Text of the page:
Bourne Mill

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This National Trust property was originally a fishing lodge used by the monks of St John’s Abbey.  A stream, the Bourne, emerges a short distance north of the site and spills out to form a large pond, thought to have been created artificially as there appears to be no geological reason for the water to widen.

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After the dissolution of the monasteries during the reign of Henry VIII, St John’s Abbey passed to the Lucas family and later, they began to demolish it.  Seeking to improve on the monks’ fishing hut, they constructed what’s now Bourne Mill.  The stones were cannibalised and together with those Roman bricks, pieces of flint and some Walton-on-the-Naze septaria to hold it all together, formed the new structure.  If you’ve been to Colchester and seen its castle and wall, you’ll notice some similarities.

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The wonderful building that you see today at Bourne Mill was the result.  Well actually, not quite.  What Sir Thomas Lucas built was a single story dwelling, thought to be a place where he could go with his well-heeled mates to fish and then hang out over dinner.  On the ground floor, there are two fireplaces which lend credence to this theory.

Carp, pike and wildfowl would have been plentiful so it seems likely that this story is true.  This beautiful banner, stitched by the Colne and Colchester Embroiderers Guild, tells the story.

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But that story doesn’t end there, of course.  Now that Britain was Protestant, it became a haven for those fleeing religious persecution in Catholic Europe.  Granted refuge by Queen Elizabeth 1 in 1565, they boosted the town’s population, congregating in what would later become known as Colchester’s Dutch Quarter.  Though they kept themselves separate when it came to socialising and marriage, they did have a profound effect on the north Essex landscape and economy, bringing their weaving industry skills and breathing new life into a flagging industry.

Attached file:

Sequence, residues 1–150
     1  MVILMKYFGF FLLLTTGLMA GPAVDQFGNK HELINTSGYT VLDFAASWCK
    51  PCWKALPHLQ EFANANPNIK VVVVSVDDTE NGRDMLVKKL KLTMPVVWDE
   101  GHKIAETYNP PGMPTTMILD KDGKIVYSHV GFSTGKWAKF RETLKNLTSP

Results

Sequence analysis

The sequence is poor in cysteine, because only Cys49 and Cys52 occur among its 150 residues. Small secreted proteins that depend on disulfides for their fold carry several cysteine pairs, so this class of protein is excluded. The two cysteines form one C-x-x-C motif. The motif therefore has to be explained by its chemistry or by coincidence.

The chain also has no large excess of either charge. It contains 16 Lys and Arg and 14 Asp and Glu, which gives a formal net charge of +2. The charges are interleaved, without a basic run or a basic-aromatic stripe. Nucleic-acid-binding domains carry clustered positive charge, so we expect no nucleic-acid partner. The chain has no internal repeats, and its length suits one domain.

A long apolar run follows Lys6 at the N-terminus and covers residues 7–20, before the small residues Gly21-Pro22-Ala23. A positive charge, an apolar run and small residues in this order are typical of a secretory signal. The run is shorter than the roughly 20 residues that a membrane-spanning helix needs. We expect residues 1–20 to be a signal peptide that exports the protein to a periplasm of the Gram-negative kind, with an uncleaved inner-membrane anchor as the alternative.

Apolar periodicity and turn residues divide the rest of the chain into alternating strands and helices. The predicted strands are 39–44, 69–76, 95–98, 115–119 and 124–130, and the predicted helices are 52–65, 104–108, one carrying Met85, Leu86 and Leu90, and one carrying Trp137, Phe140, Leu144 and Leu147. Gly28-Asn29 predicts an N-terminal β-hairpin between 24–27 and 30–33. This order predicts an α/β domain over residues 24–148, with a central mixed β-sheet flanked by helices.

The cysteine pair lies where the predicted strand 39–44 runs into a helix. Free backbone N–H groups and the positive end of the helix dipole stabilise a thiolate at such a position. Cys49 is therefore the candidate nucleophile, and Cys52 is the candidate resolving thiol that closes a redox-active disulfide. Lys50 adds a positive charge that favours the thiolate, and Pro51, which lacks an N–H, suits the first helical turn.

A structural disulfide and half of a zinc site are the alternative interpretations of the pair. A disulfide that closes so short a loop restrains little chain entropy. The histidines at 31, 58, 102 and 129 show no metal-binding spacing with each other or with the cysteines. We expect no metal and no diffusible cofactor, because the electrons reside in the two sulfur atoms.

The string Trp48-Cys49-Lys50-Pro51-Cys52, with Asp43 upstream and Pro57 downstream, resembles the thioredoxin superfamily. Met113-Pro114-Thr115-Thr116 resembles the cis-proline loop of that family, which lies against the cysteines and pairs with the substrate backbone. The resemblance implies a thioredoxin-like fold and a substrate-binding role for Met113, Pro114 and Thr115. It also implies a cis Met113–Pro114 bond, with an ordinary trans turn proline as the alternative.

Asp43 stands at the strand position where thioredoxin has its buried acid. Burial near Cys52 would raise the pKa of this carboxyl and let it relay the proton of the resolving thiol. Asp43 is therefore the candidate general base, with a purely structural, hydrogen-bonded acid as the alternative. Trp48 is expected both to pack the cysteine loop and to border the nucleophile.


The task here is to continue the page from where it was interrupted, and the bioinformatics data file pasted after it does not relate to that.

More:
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The Dutch introduced new worsted draperies, known as bays and says.  They were lighter and cheaper, and not surprisingly proved very popular.  A method of quality control was introduced in 1631, immediately raising the status of Colchester cloth.  That Dutch seal automatically meant that your cloth fetched a higher price; faulty workmanship, on the other hand, would lead to fines (called rawboots) being levied.

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Bourne Mill grew an upper storey, recognisable by the gable ends that are also commonly found in the Netherlands and Belgium.  It became a fulling mill,  a place where cloth was softened to make it more wearable.  A waterwheel would have made the process of hammering the fabric much less labour-intensive.  Initially urine, collected from the poorhouse, would have been used in the process; the ammonia it contained helped to clean and whiten the cloth.  Later, Fuller’s earth would have been used instead.  Afterwards, the cloth was stretched on frames known as tenters to dry – attached by tenterhooks.

After a while, the Essex cloth industry fell into decline once more.  The cloth industry, bay especially, was vulnerable in the 18th century to disruption by wars, competition from rival manufacturers, and the import of cotton.  By around 1840, Bourne Mill was no longer in use as a fulling mill.  As the cloth industry declined, the fulling mills were converted to grind corn or grain, competing with the many windmills that dotted the landscape.

Bourne Mill was converted to a corn mill by 1860 and it’s for this purpose that the uppermost floor and sack hoist would have been installed.  The three millstones used at Bourne Mill were imported from France.  Later, it was steam driven, but the last miller hung up his apron in 1935.

Today, the property is managed by the National Trust.  You’ll find it a 20 minute walk from Colchester Town station just east of Mersea Road, which is served by buses from the town centre.  If you drive, there are a few parking spaces at Bourne Mill but if these are full, roadside parking is available nearby.  If you’d like to explore other mills in North Essex, the map below gives you an idea of where to find them.  For one of only two working tide mills in the country (the other is at Woodbridge in Suffolk), check out Thorrington Tide Mill, a short distance from Colchester:

https://essexology.wordpress.com/2016/04/19/thorrington-tide-mill/